Katherine, North, and Ombric (who feels that he remembers hearing about her) are curious. Mr. Qwerty, the bookworm-turned-library offers to tell them about her. But the story actually starts with her parents.
Whoo. Okay. Feels time.
First, the drawings connected to the story look more sketchy or smudged than the usual drawings. It gives them a sense of ???
Second, it opens with the Sisters of Flight, winged women, one of whom was Toothiana’s mother:
“The image of a beautiful winged woman appeared on one of Mr. Qwerty’s pages. She was human-sized, with long, willowly arms and legs and a heart-shaped face. But her wings were magnificent, and she held a bow and arrow of extraordinary design” (71).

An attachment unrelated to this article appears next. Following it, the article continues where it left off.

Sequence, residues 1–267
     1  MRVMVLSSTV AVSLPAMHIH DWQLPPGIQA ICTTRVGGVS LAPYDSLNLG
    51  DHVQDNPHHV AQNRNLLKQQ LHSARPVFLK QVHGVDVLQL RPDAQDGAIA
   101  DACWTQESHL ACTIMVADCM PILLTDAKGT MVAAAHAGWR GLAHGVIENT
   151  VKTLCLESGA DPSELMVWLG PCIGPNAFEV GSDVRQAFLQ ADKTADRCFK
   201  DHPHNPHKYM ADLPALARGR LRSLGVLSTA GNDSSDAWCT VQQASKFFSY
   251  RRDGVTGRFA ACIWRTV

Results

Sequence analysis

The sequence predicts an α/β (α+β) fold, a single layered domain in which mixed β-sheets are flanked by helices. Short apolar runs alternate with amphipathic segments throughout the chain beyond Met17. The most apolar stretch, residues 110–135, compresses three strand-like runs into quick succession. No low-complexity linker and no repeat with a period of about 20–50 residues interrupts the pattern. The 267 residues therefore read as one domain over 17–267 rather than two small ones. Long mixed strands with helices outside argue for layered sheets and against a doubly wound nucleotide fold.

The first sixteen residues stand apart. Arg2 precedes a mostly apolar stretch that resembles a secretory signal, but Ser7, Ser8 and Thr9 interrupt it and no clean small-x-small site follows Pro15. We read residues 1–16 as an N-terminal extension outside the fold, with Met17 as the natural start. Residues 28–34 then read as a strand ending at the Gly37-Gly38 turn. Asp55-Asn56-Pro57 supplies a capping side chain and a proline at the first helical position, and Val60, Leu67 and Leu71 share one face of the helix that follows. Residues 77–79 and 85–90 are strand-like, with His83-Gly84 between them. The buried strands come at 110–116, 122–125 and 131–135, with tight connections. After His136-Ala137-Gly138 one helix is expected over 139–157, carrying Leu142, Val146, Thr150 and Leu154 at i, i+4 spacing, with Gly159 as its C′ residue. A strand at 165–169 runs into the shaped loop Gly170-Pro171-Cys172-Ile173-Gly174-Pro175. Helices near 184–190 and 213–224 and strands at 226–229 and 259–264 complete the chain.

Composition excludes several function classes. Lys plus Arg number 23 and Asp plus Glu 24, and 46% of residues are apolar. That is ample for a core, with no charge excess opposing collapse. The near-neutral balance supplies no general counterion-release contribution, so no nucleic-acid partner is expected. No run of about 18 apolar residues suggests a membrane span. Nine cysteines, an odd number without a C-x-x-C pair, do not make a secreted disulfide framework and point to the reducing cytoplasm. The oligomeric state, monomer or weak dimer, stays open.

The visual of these women always makes me happy because they remind me of an old story idea from my childhood. Also, it’s amazing how rare it is for me to read about winged people in stories. I can only think of two others besides this one. I’m sure they’re out there, but I haven’t come across them yet.
Basically people (or women) with wings is my childhood creative nostalgia, so thank you book written for children. You’re hinting my inspiration marks. ♥
Mr. Qwerty goes on to explain more about who the Sisters of Flight were and what they did. They were immortal, living in the mountain city of Punjam Hy Loo. Elephants guarded passage up the mountain, and “‘[n]o humans were allowed to enter, for the mountain’s jungle was a haven for the beasts of the wild–a place where they could be safe from men and their foolishness'” (72). I can get behind that.
He then goes on to tell them about Toothiana’s father, Haroom. I remembered that he was human, but I had forgotten that he “had been sold at birth into slavery” (72). He becomes the companion to a maharaja, and despite their social differences, they “became great friends” (73).